Today’s only market-moving remark came after an EU diplomat quoted by Reuters. It sent sterling lower with EUR/GBP heading towards 0.8950. The EU diplomat stated the obvious though by pointing out that only a few days are left for EU talks. “Without London taking the necessary decisions quickly, reaching a deal will be all but impossible. Time is running out quickly.” The diplomat referred to the key issues of fisheries, a dispute settlement system and the level playing field. EU chief negotiator Barnier and his team traveled to London today to proceed with face-to-face meetings following his quarantine. EU leaders meet on Wednesday next week. The EU budget is their main agenda, but the possibility remains that they send a trade deal to European parliament if one is agreed by then. The EU budget stand-off isn’t cleared out neither yet with Polish PM Morawiecki and his Hungarian counterpart Orban strengthening their opposition. They want to separate the EU budget ratification process and corona-related fiscal stimulus deal from the debate over the rule of law mechanism. Both want the letter to be modified significantly and therefore threaten with a veto.
Trading on other markets was subdued today, with traded volumes still low because of many US absentees. The dollar remains in the defensive with EUR/USD near 1.1950 and the trade-weighted greenback about to test the YTD low at 91.75. The US yield curve bull flattened with yields 0.5 bps (2-yr) to 3.7 bps (30-yr) lower in a catch-up move with German yields yesterday. Changes on the German curve vary flat and +0.5 bps across the curve. 10-yr yield spreads vs Germany narrow by up to 2 bps.
After the long Thanksgiving weekend, its back to business in the US with a series of high profile economic data and key Federal Reserve events next week. ISM business confidence held up very well, especially in the manufacturing sector in October. We’re keen to see the impact of the rising coronavirus cases as well as the US elections outcome on corporate America’s sentiment. Several US states have begun imposing restrictions once again to contain the virus. We’re seeing the first cracks in the labour market in the back-to-back rise in jobless claims. Risks for the official November US payrolls on Friday are thus tilted to the downside. Fed chair Powell appears before Congress in a testimony entitled “The Quarterly CARES Act Report to Congress”. He’ll defend the Fed’s monetary policy stance and faces questions about USTS Mnuchin decision not to extend several emergency programmes and to withdraw unused Congressional funds. Markets are also eager to hear Powell’s comments on the recent wave in the pandemic and what the Fed will or won’t do to cushion the economic impact.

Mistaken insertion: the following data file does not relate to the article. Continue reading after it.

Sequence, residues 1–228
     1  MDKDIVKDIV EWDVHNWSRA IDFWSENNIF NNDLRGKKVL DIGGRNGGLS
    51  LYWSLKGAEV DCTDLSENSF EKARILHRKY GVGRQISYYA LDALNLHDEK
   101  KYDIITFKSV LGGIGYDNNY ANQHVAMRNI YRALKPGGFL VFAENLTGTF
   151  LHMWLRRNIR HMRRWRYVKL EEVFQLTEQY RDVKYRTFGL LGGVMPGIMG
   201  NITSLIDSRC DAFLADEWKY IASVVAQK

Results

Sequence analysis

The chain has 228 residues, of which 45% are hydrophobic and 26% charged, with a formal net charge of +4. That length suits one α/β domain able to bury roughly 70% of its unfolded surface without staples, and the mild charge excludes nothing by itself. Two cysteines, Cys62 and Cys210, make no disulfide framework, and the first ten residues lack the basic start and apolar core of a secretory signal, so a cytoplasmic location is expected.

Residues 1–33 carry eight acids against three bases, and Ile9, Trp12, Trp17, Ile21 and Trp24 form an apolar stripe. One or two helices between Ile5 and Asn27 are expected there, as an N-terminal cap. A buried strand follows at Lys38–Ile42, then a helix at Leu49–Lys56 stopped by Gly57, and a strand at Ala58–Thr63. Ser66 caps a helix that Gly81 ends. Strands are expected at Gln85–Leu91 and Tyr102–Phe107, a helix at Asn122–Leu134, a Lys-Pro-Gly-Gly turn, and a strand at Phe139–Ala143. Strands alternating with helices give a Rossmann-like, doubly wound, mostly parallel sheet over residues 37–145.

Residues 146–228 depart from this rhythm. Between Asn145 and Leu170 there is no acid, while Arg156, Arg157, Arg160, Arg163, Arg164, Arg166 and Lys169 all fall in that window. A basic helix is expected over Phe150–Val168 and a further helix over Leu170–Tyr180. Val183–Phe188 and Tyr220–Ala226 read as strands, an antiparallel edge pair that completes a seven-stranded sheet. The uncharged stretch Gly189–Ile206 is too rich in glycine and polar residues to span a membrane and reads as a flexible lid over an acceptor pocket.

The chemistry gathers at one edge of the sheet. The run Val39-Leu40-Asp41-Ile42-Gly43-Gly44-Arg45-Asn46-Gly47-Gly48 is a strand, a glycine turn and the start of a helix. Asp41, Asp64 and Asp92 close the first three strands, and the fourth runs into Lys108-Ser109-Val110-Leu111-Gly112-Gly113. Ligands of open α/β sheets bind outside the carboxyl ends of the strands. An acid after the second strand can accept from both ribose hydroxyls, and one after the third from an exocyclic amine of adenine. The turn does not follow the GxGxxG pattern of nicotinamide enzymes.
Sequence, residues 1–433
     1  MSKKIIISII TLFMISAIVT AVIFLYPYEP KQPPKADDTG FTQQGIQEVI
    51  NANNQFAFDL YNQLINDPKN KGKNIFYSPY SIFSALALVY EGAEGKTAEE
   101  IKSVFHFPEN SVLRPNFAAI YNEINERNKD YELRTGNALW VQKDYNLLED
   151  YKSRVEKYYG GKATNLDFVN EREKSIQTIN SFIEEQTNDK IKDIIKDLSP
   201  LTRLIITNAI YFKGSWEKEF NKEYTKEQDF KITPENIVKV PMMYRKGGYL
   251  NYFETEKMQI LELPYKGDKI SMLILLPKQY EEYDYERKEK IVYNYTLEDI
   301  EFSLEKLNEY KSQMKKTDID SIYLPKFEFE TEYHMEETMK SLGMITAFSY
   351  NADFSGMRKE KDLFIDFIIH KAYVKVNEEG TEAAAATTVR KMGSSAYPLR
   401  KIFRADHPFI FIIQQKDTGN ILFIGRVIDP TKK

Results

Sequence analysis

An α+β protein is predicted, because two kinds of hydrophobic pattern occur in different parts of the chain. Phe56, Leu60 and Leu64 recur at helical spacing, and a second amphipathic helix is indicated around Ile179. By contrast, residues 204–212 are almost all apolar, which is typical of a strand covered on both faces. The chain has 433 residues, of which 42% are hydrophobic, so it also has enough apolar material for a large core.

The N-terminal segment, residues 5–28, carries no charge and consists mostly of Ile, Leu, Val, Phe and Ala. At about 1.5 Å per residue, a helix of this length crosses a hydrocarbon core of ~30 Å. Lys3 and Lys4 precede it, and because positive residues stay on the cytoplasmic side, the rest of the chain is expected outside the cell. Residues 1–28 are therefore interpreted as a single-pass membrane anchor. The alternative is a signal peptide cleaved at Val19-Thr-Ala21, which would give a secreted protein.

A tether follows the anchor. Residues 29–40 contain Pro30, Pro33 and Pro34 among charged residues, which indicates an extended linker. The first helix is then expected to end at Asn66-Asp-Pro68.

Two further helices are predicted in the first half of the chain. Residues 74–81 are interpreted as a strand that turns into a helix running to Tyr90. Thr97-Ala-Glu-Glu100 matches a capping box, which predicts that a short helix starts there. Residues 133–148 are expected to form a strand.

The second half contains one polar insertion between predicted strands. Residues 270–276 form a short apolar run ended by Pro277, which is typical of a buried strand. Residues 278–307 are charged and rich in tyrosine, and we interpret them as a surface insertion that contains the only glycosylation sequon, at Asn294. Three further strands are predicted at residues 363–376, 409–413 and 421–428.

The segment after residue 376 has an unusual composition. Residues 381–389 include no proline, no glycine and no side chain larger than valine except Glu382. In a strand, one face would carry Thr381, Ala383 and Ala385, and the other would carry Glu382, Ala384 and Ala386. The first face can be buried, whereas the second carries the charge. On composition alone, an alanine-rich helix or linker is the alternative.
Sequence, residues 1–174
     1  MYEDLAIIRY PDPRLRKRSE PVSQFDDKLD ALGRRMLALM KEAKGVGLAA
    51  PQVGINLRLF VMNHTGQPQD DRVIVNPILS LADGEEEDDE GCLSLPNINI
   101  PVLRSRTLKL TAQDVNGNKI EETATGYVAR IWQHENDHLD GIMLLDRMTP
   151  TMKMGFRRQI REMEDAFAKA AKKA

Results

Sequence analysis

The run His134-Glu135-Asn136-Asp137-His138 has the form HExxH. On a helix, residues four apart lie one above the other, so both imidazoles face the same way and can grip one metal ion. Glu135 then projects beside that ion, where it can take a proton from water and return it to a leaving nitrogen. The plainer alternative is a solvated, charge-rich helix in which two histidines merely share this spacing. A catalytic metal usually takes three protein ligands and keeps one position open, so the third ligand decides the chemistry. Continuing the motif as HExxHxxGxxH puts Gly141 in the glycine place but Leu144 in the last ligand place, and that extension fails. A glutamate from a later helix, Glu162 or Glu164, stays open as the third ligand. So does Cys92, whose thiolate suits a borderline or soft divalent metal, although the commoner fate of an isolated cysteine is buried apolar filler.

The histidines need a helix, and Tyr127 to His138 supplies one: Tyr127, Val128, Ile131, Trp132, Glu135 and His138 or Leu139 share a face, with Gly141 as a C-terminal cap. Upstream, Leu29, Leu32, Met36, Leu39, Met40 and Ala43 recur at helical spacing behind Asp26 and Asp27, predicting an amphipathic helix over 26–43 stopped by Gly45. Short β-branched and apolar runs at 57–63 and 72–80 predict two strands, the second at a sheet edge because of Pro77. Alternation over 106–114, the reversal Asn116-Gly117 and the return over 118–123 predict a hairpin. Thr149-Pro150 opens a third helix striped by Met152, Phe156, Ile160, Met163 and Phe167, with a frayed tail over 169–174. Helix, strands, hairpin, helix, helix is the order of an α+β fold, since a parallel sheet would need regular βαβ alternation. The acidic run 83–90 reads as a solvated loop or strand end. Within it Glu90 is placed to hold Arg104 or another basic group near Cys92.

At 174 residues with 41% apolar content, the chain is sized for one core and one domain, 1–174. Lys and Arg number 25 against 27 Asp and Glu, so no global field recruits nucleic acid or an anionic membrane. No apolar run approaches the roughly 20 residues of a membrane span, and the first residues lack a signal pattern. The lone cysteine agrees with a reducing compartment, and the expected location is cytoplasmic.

The pro-independence Scottish National Party’s leader Sturgeon said an independence referendum should take place next year. Sturgeon hopes to secure another victory at the May 2021 elections, which she could then consider a mandate for a referendum. Scots voted 55%-45% against independence in 2014. Both Brexit and more recently the British government’s approach to the pandemic have currently tilted the balance however.
Swedish GDP grew a more-than-expected 4.9% q/q in Q3 after tanking 8% in the second quarter this year. Household consumption recovered 6.3% after the -7.9% blow in Q2. Investments rose 2.4% q/q/, up from the -4%. Exports jumped 11.2% as did imports (9.2%). Despite the positive surprise growth is still -2.5% lower compared to the same period last year. The Riksbank earlier this week also downgraded growth forecasts for this year and the next due to the second wave of the pandemic. EUR/SEK trades stable near 10.15.